Read the rest of this entry »

  

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We love New York: Cinematic love letters to the greatest city in the world

As any film fan can tell you, American movies tend to take place in one of a few locations — Los Angeles, Chicago, San Francisco or Seattle, and, of course, New York. Unlike those other cities, though, New York is often much more than just a backdrop in the movies; in fact, it’s often more or less a character — a character whose crowded skyline, busy streets, and peculiar odor are truly singular.

In that spirit, the Bullz-Eye staff put its heads together and came up with a list of their favorite New York-based movies. In order to avoid a list dominated by Scorsese and Woody Allen, they limited themselves to one film per director, and ended up with 15 of the finest cinematic love letters to the City That Never Sleeps ever committed to celluloid.

There are obvious choices — hey, look at that big gorilla up there! — but the list also makes room for a few movies you may not expect. How many of your personal favorites made the cut? Click here to find out!

  

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American Idol: Say hello to Hollywood

Mercifully, the audition rounds of “American Idol” Season 8 are in the books. We have endured eight stops and seven episodes in the last few weeks, and now the scene is shifting to the Kodak Theatre in Hollywood next Tuesday. Last night they lumped two audition stops into one, and those were New York City and San Juan, Puerto Rico. The back and forth during the episode was a little confusing, but the talent was as bad and as good in both places as it had been in Kansas City or Salt Lake or Phoenix or wherever else. Here were the good and bad of the ones who had the most airtime on Thursday night….

THE BAD

Adeola, who had quit her job because she was so sure she was going to Hollywood, sang a Jennifer Hudson song and was just awful, and I mean every note was off-key. Lucky for her, Simon Cowell was nice enough to call her former employer and get Adeola her job back. Who said Simon was a tool? That was classy…..Jessica Byers, a 20 year old who sang Celine Dion, was so loud and emotive that she made the audition uncomfortable for everyone. She claimed she was just nervous, but no, she just wasn’t good….Joel Contreras was a crazy rocker dude from San Juan who called himself the “human iPod” and was more talented at being nuts than at singing…Alexis, who auditioned last season and was also a bit of a wack job, returned to the New York City auditions and claimed to have toned down her act through stuff like yoga. Yeah, okay. Alexis attempted Madonna’s “Like a Prayer” and let’s just say she can also go back to being nuts, because she is better at that than at singing. Also true to form, she gave the judges the finger on the way out. Nice.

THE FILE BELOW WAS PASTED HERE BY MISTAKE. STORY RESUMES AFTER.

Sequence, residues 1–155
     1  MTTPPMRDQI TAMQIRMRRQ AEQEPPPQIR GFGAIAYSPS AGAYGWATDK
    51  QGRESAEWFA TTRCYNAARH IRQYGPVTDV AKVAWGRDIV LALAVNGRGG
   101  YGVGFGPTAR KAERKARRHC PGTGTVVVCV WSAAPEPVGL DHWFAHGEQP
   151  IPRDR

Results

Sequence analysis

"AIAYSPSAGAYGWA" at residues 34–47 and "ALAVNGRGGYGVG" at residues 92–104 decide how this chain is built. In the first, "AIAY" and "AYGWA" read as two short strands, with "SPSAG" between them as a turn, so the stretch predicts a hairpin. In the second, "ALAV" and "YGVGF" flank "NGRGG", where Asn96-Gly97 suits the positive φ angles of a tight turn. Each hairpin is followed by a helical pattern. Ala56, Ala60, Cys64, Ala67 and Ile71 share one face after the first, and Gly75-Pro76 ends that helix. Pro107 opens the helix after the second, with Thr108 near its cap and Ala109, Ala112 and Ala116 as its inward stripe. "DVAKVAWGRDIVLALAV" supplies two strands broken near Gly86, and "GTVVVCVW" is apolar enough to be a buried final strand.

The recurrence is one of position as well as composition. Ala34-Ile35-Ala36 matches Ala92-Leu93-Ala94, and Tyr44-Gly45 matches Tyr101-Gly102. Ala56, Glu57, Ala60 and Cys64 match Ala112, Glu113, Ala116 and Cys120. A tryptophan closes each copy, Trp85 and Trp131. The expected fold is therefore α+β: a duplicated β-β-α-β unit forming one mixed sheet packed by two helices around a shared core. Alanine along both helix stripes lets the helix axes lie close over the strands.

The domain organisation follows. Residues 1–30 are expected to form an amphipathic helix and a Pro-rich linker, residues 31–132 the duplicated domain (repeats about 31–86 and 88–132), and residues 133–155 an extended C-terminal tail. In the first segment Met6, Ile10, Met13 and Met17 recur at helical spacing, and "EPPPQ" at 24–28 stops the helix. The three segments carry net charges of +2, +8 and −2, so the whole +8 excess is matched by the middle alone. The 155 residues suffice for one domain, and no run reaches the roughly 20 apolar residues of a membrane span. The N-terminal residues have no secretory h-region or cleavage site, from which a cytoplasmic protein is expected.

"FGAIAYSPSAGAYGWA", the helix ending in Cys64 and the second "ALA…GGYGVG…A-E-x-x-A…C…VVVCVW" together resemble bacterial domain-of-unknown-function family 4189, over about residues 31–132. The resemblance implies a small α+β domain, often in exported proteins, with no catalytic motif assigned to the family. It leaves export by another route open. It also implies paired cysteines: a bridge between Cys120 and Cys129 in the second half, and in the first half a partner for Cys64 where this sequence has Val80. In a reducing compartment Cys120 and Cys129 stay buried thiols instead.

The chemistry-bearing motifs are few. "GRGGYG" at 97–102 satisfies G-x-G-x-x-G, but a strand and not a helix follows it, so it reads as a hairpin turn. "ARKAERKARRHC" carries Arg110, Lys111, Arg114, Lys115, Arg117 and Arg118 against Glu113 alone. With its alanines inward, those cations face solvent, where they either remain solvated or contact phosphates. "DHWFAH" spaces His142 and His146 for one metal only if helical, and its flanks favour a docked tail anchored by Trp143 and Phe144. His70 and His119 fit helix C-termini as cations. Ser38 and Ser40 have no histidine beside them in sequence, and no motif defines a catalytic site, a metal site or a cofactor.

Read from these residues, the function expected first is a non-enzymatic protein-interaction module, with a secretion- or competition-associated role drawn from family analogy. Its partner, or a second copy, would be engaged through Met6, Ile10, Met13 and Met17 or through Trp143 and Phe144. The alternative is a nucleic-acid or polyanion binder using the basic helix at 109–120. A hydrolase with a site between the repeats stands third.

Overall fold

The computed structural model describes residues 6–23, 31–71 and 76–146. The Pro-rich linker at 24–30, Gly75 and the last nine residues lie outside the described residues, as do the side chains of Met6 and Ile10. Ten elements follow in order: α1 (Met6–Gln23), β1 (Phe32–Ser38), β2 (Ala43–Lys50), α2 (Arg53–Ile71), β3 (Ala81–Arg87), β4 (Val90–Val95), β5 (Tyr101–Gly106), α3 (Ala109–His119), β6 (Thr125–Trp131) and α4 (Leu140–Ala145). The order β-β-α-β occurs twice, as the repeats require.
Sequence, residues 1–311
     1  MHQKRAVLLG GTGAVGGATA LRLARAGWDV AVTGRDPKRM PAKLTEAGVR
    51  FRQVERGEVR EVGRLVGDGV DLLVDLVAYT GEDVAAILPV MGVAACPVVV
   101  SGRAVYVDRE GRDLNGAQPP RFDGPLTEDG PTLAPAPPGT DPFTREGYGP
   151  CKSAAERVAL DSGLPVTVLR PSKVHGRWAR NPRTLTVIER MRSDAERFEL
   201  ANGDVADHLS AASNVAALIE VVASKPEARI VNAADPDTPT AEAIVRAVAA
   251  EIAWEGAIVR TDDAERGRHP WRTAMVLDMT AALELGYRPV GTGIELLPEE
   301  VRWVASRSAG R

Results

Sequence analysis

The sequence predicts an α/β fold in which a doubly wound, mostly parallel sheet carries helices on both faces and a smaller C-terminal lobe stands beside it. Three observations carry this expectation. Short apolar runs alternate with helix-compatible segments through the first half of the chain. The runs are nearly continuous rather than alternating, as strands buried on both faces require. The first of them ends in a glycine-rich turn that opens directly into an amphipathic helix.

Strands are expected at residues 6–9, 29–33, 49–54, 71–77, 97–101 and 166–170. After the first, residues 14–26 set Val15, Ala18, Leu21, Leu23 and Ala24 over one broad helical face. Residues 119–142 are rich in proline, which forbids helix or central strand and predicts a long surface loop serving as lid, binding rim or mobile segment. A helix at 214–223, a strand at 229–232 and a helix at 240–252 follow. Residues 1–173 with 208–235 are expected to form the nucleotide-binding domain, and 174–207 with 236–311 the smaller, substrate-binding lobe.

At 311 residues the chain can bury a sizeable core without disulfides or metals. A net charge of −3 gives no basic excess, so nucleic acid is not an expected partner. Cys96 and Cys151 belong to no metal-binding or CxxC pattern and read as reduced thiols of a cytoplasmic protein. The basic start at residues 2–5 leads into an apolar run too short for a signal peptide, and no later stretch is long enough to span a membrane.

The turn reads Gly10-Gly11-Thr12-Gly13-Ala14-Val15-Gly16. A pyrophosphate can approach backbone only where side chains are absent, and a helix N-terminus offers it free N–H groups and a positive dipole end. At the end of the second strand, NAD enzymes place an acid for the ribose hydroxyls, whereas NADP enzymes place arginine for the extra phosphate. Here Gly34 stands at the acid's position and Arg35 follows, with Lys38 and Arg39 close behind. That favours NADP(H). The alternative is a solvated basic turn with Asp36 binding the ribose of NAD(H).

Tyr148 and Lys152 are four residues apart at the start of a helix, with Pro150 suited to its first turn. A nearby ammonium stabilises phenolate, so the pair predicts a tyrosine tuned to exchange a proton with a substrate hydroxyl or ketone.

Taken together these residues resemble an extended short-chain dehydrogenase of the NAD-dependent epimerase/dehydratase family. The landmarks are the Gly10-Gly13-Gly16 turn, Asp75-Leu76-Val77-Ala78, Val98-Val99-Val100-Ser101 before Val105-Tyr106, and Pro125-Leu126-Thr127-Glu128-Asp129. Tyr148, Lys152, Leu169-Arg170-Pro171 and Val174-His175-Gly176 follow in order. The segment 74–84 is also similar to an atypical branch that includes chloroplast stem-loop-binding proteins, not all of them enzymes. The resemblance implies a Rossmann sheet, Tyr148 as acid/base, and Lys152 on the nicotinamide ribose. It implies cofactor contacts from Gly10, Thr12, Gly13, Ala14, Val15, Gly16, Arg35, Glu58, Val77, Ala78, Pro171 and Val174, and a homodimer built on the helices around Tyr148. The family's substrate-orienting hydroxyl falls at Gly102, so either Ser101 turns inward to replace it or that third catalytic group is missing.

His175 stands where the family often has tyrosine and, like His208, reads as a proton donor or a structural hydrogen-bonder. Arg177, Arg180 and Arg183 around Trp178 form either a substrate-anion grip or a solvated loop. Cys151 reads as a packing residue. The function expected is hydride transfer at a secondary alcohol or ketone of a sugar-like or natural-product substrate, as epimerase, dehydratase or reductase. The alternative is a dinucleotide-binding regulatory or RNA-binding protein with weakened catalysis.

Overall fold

THE GOOD

Jorge Nunez, a 20 year old from Puerto Rico, sang “My Way” and had a nice Latin flair about him. The judges started saying he may have trouble singing in English, but Simon correctly pointed out that they came to San Juan to find Puerto Rican natives with talent, otherwise they would have gone to Omaha…..Melinda Camille, who admitted she likes to dance naked in her bedroom while singing, sang “Feeling Good” and had a really great voice. No confirmation on whether or not she will bring her clothes to Hollywood….Jackie Tom, who sang Jason Mraz’ “I’m Yours,” picked an odd song but had a nice tone to her voice and got through….Nick Mitchell, who goes under the moniker “Norman Gentle,” had this cabaret thing going on, and tried to inject humor into everything he did. This pissed off Simon to no end, but even he laughed when “Norman” made a crude joke about Simon and Ryan Seacrest. Anyway, when dude stopped joking and sang “Amazing Grace,” I think I speak for all of America when I say it was a pleasant surprise. Norm is off to Cali, and he will no doubt be polarizing to everyone there….after a medley of good auditions and yellow tickets, things were winding down. Next up was Monique, a 16 year old who brought along her 9 year old brother, Christopher. The kid was like a used car salesman to the judges, and since Monique was above average but not great, an assist goes to young Chris for sending his sis to Hollywood….finally there was Patricia, a 20 year old who took on Whitney Houston. That’s never a good idea, because artists like Whitney or Stevie Wonder or Aretha Franklin are just so hard to live up to vocally for an amateur. Anyway, Patricia did earn her ticket, but barely.

So our initial auditions are over, and now we head to Hollywood for the next round. Soon we will have our Top 24 and a clearer picture of who some of the contenders will be. See you all next week!